Smoking is not the healthiest thing you can do for your body. No matter the plant you’re toking on, smoking is a habit that, in terms of health, is best to limit. But, is smoking weed just as bad as smoking cigarettes? Emerging research suggests that the health effects of smoking may be more complicated than thought. Not all smoke is created equal, and tobacco and cannabis have some key differences.
Is smoking weed just as bad as smoking cigarettes?
The short answer to this question is no. For the time being, at least. Cannabis consumption has been on the rise, leaving many public health officials concerned about health risks the herb may cause. Unfortunately for them, research on long-term negative health impacts from cannabis has been inconclusive.
Rather, research on cannabis and long-term lung health has found that smoking the equivalent of one joint a day for twenty years was not associated with lasting lung damage, though smoking does cause irritation and damage to major airways, which can be reversed by switching to a different consumption method.
This irritation can cause bronchitis symptoms such as coughing and excess mucus.
This is not the case with tobacco. Tobacco and cigarette smoking is thought to contribute to 80 to 90 percent of all U.S. lung cancer cases, and cigarettes are considered the number one risk factor for the disease.
Cigarette smoking is also associated with increased risk of head, neck, and throat cancer. Studies exploring the relationship between cannabis and these same cancers have been unable to find a conclusive link.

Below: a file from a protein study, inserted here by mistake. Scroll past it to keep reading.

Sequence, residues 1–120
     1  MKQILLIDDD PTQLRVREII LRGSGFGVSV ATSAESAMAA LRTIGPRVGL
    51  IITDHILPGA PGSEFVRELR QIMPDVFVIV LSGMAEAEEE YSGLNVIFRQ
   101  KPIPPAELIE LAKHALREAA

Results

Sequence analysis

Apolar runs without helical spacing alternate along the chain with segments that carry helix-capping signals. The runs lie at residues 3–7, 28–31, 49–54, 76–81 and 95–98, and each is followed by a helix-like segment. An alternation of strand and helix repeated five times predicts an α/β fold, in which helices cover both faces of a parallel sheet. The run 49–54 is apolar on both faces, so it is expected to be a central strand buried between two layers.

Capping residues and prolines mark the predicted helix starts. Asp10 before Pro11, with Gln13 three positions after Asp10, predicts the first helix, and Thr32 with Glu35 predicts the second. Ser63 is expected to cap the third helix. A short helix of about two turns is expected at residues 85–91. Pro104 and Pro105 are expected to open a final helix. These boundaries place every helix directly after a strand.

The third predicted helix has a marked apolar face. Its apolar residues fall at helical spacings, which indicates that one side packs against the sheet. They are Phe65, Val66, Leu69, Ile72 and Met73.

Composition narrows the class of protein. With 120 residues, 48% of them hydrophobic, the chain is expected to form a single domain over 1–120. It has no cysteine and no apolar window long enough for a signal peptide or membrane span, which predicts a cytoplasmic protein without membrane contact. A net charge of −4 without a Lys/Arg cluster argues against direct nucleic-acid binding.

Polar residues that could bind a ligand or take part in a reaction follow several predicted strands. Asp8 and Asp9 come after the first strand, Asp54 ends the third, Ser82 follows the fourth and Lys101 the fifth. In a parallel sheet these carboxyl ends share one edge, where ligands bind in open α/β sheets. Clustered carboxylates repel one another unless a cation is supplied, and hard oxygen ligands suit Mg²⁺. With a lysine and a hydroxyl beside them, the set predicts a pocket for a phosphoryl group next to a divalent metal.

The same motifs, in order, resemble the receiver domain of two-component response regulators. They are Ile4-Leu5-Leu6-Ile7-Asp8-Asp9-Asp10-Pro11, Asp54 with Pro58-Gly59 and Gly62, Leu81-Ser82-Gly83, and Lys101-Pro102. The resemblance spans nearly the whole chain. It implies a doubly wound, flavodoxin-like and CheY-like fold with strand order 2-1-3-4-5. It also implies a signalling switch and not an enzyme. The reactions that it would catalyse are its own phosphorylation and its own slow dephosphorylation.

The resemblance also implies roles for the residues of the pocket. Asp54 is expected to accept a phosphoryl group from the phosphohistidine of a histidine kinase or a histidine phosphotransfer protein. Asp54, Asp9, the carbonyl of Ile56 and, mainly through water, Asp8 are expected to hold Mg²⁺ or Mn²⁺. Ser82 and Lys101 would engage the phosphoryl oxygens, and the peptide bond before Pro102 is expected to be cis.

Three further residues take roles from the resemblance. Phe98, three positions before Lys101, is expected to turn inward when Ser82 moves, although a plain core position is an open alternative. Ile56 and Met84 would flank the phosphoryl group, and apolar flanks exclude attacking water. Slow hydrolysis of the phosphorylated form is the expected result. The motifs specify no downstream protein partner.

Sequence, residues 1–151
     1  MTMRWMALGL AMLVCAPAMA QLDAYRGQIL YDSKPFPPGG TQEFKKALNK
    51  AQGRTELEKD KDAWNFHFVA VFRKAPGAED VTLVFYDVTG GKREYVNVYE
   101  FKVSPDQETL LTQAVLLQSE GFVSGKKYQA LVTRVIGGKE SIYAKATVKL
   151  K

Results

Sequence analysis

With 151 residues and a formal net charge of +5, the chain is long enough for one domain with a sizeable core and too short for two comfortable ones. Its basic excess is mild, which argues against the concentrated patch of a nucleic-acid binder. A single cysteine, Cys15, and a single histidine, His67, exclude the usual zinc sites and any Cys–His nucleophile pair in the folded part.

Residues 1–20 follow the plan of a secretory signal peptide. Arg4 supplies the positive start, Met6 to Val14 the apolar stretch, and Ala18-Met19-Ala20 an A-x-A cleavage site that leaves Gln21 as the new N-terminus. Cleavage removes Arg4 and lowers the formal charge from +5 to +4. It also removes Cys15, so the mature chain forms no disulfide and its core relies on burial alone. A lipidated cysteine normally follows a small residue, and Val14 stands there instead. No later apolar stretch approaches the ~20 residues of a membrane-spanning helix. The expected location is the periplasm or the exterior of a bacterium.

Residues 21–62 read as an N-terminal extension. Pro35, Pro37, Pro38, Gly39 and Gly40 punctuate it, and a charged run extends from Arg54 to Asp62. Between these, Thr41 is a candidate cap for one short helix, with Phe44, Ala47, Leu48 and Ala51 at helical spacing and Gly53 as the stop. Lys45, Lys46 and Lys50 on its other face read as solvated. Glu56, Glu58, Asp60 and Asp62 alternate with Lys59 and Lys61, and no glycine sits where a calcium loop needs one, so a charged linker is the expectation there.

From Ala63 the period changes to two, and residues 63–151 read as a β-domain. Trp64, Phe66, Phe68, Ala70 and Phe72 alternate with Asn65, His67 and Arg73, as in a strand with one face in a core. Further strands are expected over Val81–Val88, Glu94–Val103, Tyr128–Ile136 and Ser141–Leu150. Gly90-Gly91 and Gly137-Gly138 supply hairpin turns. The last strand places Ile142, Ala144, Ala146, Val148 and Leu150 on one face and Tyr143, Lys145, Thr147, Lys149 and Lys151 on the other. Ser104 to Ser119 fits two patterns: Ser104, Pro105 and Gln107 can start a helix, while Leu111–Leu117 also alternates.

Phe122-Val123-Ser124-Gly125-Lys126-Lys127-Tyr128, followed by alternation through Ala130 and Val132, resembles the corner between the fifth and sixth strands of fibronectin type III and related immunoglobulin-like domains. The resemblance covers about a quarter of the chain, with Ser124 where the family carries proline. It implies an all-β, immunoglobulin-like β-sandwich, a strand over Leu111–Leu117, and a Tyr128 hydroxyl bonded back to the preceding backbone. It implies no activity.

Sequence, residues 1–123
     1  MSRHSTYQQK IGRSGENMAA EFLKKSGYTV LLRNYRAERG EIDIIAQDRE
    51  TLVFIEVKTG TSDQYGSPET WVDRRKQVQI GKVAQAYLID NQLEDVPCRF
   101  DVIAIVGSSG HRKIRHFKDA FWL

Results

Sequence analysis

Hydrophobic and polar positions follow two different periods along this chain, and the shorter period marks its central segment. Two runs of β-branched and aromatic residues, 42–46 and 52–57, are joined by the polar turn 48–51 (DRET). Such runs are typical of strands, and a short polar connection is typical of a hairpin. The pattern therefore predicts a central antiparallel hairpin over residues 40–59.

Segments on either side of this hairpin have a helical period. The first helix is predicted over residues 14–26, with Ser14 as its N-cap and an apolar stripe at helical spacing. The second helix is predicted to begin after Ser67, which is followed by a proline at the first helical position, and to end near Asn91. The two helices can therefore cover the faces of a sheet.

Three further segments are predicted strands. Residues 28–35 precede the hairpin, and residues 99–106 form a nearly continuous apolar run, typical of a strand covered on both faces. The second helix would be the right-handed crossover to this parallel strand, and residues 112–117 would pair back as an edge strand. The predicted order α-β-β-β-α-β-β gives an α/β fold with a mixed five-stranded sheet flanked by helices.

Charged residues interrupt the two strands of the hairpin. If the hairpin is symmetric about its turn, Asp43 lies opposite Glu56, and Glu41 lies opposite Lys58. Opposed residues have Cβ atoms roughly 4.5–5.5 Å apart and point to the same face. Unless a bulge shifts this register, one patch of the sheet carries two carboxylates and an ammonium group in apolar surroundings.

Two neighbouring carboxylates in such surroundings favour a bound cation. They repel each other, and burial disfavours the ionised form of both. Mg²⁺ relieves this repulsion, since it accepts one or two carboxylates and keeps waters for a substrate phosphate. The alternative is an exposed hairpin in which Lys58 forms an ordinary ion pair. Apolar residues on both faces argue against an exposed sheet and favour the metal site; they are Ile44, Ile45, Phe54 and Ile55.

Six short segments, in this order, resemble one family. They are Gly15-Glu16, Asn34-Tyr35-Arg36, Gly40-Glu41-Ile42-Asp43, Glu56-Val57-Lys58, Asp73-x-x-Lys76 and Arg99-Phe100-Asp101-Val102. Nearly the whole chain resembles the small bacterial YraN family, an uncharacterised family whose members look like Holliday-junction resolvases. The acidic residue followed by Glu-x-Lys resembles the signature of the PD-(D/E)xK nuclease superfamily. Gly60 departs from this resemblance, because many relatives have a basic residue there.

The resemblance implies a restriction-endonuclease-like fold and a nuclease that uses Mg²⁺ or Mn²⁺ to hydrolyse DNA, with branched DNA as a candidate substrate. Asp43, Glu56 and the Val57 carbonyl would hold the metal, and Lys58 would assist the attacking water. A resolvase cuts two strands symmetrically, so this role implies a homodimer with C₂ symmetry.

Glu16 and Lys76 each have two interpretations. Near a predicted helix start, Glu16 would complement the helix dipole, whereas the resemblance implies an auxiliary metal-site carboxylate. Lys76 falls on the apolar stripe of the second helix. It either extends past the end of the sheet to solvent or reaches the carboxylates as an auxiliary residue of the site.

Worldwide, tobacco is associated with 6 million deaths per year. Thus far, cannabis has yet to be identified as the known cause even a single death. The herb is not toxic, meaning that there is no way for humans to fatally overdose on the herb.
More cannabis research is needed
There is a major caveat to these claims, however. The legal status of tobacco means that the effects of the plant have been studied more than cannabis. Researchers have faced serious roadblocks internationally due to the herb’s misinformed status as an illicit substance of abuse.
In order to get a good look at the long-term health impacts of cannabis smoke, legal barriers to high-quality scientific research would need to be addressed.
Apart from lung cancer, researchers still need to explore the relationship between cannabis smoke and heart problems and stroke, though evidence for long-term negative effects is lacking thus far.
How to minimize risk from smoking
Though the health risks of cannabis smoking are debatable, the damage from smoking cannabis can be avoided entirely by switching to safer consumption methods.
Edibles are not combusted at all, meaning that you can avoid any potential respiratory damage altogether. But, eating the herb isn’t the only way to cut risk. Here are a few more tips:
- Switch to a vaporizer
- Opt for bongs and water pipes if you smoke
- Use a substantial filter or a screen for any joints or pipes
- Buy organic, unbleached rolling papers
- Get regular exercise that encourages deep breathing
- Buy or grow organic cannabis
- Buy laboratory-tested cannabis that does not contain residual pesticides or molds
For more easy tips on how to make smoking cannabis safer, check out the full article here.